Right vs. Wrong: Finding Our Way

The pursuit of right livelihood also implies that it is possible to have a wrong livelihood. Traditionally, Buddhist teaching has identified this with the very worst of examples: weapons and chemical poison manufacturing, human trafficking, et cetera. The environmental activist and Right Livelihood Award winner Vandana Shiva says, more simply, “Right Livelihood is living in ways that actually contribute to harmony in nature and society. And the opposite, wrong livelihood, is to rupture nature and society.” In the modern context of corporate capitalism, wrong livelihood could be further expanded to include all work that contributes to systemic economic inequality and large scale ecosystem destruction through the exclusive pursuit of profit.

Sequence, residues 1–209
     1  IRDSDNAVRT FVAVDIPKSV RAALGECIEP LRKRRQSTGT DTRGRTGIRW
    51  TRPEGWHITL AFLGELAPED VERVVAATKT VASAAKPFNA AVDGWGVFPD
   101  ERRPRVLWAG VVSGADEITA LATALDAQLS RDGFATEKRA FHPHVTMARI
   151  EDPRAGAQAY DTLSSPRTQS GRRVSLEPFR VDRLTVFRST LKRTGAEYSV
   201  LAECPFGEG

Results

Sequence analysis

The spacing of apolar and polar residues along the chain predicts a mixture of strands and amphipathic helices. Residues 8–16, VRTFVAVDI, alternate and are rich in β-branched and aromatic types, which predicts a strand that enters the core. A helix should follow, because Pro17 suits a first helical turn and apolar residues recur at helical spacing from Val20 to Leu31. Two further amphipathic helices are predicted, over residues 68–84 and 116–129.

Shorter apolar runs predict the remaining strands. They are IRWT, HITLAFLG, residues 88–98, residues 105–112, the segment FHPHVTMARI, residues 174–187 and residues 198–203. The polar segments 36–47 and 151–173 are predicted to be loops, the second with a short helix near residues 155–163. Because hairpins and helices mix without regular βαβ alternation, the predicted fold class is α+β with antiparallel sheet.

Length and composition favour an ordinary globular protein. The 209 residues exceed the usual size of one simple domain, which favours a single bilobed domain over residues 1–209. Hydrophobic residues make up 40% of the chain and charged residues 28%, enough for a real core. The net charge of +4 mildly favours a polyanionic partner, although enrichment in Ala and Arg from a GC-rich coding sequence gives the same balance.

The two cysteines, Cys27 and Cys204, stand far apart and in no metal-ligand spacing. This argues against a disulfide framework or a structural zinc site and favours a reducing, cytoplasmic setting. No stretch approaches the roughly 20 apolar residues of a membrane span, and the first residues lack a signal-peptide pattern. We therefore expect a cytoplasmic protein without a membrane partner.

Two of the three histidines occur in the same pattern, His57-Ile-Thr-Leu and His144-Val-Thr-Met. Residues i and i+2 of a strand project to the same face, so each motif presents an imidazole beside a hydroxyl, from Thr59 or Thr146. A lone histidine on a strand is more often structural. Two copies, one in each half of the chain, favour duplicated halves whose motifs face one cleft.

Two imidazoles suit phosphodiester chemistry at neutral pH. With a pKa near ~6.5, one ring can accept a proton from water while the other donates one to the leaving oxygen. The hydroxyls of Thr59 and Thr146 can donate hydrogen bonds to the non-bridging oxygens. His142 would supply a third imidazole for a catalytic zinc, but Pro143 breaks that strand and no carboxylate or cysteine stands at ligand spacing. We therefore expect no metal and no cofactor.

When framed as an individual journey, however, right livelihood is less about what is right or wrong at the moment and more about our own approach to work—on a daily basis and over the course of a lifetime. As such, it is possible to produce work from a place of joy and affection and contribute to the well-being of others in the workplace, all within an industry that systemically contributes to suffering and harm. Conversely, one can do work that meaningfully contributes to society while bringing stress, anger, and negativity into the workplace and creating a culture of toxicity for colleagues and patrons.

In walking the path of right livelihood, we are called to explore both the form and the content of our work: how we show up as compassionate humans in the workplace, as well as the actual output that we create through our labor. When we sense we are being unskillful or harmful in our attitude or actions, we can receive this as an opportunity for spiritual growth and the alleviation of suffering in ourselves and others. The most important practice on our right livelihood journey is how we respond in each moment and season of life.